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Murray Ross

Designer / Naval Architect , Whangarei, Northland, New Zealand

Murray Ross, Designer, Sailor

Murray Ross was born in Whangarei, New Zealand in 1950 and was soon into sailing.

He sailed his first New Zealand champs in 1967 in the Flying Dutchman and had his first win at national level the following year, in the Javelin. He has won 41 national titles overall including the Flying Dutchman, Soling, Dragon, quarter tonner, half tonner, one tonner, and the Ross 780, 830 and 930.

He started sailmaking with Hood Sails and in 1970 he teamed up with Brian Jones to establish Ross and Jones Sails, which came to dominate the Javelin and Flying Dutchman markets.

He teamed with Jock Bilger, 14 years his senior, in what became a successful 13-year partnership. “One of the best things I did was team up with Jock,” Ross says. “Tactically, he was good and I had the smarts on boat speed.” They finished second in the Worlds in the Flying Dutchman in 1970 & ‘71 and were favourites for the ’72 Olympics but finished sixth.

Around 1974 he met designer/boatbuilder Paul Whiting, with whom he sailed many regattas and co-owned Smackwater Jack.

In 1976 Ross and Bilger took the Flying Dutchman to the Olympics, but again came home without a medal, despite being runner-ups at the 1975 Worlds.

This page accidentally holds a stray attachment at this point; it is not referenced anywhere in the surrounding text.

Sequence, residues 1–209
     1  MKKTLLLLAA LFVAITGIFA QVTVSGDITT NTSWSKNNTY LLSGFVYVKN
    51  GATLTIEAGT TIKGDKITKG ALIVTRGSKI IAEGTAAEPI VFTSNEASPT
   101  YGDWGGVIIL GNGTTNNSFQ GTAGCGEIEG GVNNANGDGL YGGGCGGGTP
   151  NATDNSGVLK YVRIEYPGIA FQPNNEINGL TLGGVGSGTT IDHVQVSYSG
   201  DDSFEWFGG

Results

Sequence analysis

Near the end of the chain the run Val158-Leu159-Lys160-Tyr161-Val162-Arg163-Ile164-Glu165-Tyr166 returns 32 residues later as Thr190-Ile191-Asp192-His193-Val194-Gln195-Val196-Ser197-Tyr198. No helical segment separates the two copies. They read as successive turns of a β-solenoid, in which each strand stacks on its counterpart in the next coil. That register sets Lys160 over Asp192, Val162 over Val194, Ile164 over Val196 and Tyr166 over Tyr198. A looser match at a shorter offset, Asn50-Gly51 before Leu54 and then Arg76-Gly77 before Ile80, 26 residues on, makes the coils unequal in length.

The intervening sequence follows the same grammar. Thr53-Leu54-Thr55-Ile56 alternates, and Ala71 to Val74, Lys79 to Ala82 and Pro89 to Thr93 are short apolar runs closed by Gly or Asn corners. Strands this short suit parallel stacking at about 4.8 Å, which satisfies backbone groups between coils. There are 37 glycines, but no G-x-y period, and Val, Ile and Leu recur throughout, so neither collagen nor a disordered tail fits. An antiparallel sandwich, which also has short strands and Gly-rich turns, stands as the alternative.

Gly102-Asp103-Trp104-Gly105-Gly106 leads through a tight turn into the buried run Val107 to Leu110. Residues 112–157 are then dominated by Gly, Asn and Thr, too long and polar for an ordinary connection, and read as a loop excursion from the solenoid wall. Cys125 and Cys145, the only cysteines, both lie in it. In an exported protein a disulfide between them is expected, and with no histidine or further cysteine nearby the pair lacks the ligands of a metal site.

In 1976 Ross won the European champs and later that year helmed Magic Bus with Whiting to win the Worlds at Corpus Christi, USA. Ross was sailing extensively overseas and bringing home many orders for sails. He and Bilger were cleaning up throughout Australiasia in the Javelin.

In 1979 he designed his first boat, the Ross 780. He had been racing offshore since he was 16 and was sailing about 100 miles a week in coastal races, however, as the 1980 Olympics loomed, he came under pressure from the select committee to concentrate on the Flying Dutchman. He withdrew from his keeler campaigns and he and Bilger won the Olympic trials but NZ boycotted the games, ending Ross’ Olympic hopes.

He and Jones sold the sailmaking business to Russell Coutts and Ross moved more into his design career. The 1980s included: Urban Cowboy, 1982, a Ross 40 which set Auckland-Gisborne record; Ross 930, Ross 830; Satellite Spy, 1986, a Ross 40 which Ross raced extensively with Colin Booth.

In 1985, Ross sailed the Whitbread Round the World race as watchman on NZI Enterprise with Digby Taylor, until the boat was dismasted.

In 1992, he won the Auckland-Noumea race on the Ross 40 Pretty Boy Floyd, beating the 45ft Ice fire by 39 minutes. He began studying weather and did the 1989/90 Whitbread Round the World Race on Fisher and Paykel with Grant Dalton, followed by the 1993/94 Whitbread with Ross Field on the victorious Yamaha.

In the 1990s Ross raced Etchells and did two legs, one victorious, of the 1997/98 Volvo as weatherman/navigator on Toshiba with long-term friend, Dennis Conner.

In 1999 Ross joined Conner’s Star and Stripes America’s Cup syndicate as weather man and helped tune up the boat. He played a similar role for Prada in 2002.

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